Simple design considerations such as avoiding the use of dark colours and reversing text out of colour blocks are important to avoid wasting printer toner and ensuring better readability, he explains.

“It is also imperative that it is readable in greyscale printing, as not everyone has a colour printer.” Documents that look good in colour can be extremely difficult to read when converted into black and white for printing, Wilson notes.

Given the problems with PDFs, most communications experts believe the best option is moving to the HTML format.

“There are different views on what is popular,” explains Lynette Heywood. “But the best tactic is to make a HTML version.”

She believes online reports need different information presentation. “An online document needs to pull out the big messages as you click through. It should give bite-sized pieces of information.”

ASA is also in favour of HTML and has set up its own online library of reports from the top 200 companies. These have been converted into a mix of PDF and online formats to allow rapid downloading, even without broadband access.

Wilson is also keen to see companies provide financial data that can be downloaded directly into a spreadsheet for easy investor analysis.

Notifying shareholders

Moving to online delivery has inherent risks and it is essential to bring stakeholders with you.

“Companies need to communicate with shareholders as there is the potential for a PR disaster if they are not made aware that this legislation has gone through,” Heywood believes. “Talking about the legislation is crucial.”

Werkner believes the best way to communicate the shift is via mail. “This is sensible as most companies don’t have email addresses for shareholders at present.”

Even this letter or DL card needs careful preparation, notes Lynette Heywood. “If it is worded correctly, then shareholders will respond.”

She recently achieved an impressive 40 per cent response rate to a shareholder mailing for a small mining company, with 77 per cent of respondents accepting online delivery.

Whatever the communication process, it is essential companies meet investors’ expectations when they do access an online report – otherwise they risk investors turning back to hard copy reports.

“We are encouraging members, if for any reason they are unhappy with the online version, to contact the company and register a standing order for a hard copy version,” Wilson says. “It is in everyone’s interest to get this right.”

Heywood also emphasises the importance of getting it right. “If you build expectations and then all they get is a traditional huge PDF document, shareholders will be turned off and probably lost forever,” he says.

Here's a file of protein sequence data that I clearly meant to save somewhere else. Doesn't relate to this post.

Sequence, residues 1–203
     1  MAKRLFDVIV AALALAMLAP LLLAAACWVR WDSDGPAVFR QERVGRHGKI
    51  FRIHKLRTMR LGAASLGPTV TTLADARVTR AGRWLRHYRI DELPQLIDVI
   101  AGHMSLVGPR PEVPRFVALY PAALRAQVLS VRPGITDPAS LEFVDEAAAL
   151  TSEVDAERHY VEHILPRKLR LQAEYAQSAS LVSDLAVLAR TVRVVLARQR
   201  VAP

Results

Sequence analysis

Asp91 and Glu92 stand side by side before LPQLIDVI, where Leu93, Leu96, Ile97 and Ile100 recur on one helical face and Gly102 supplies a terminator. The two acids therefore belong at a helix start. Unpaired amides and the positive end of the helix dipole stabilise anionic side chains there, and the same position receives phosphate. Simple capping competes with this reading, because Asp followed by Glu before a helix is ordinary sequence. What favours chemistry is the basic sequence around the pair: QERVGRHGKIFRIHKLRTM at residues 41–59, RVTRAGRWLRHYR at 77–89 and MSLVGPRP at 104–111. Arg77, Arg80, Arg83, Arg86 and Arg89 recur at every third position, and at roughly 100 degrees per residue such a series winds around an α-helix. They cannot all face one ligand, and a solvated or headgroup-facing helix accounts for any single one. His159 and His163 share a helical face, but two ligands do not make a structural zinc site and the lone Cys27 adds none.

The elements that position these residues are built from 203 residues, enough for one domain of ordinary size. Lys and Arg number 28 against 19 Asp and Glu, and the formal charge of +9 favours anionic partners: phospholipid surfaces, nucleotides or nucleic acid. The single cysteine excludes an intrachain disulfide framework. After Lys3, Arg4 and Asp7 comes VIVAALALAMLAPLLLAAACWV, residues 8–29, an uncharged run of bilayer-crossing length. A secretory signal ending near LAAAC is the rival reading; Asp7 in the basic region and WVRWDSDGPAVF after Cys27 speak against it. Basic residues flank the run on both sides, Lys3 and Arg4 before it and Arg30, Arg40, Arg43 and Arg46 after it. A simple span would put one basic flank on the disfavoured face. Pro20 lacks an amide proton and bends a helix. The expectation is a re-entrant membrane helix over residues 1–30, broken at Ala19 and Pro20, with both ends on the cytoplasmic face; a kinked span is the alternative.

“It is crucial to get the persuasive phase right. It must be better than what is available now.”

Matheson agrees the potential for a backlash exists. “Unless companies embrace the tools that are available to make annual reports more accessible, they run the risk of seeing shareholders opt-in for a hard copy within a few years,” he warns.


Essentials for online reporting

According to Interactive Investor’s Susan Werkner, there are ten key essentials for online delivery of annual reports:

1. Notify shareholders early to save on unnecessary printing and distribution costs.

2. Post an easy to use and accessible online report to engage shareholders and permanently convert them to online delivery.

3. Ensure ease of navigation, preferably using one-click navigation and content links to specific pages.

4. Provide easy readability and comprehension through legible font sizes, different zoom levels, crisp images and clean design.

5. Ensure key messages are easily understood using graphs, charts, diagrams, tables and visual aids.

6. Provide fast accessibility without special plug-ins and offer single page or section printing options.

7. Deliver purpose and consistency in line with the company’s values and website content.

8. Take a user-focused approach with simple one-click delivery from the URL and a fast and intuitive search function.

9. Communicate the message interactively using links to webcasts, CEO presentations and feedback forms.

10. Maximise the report’s presence by using the same format throughout the website and ensuring the file format is identified.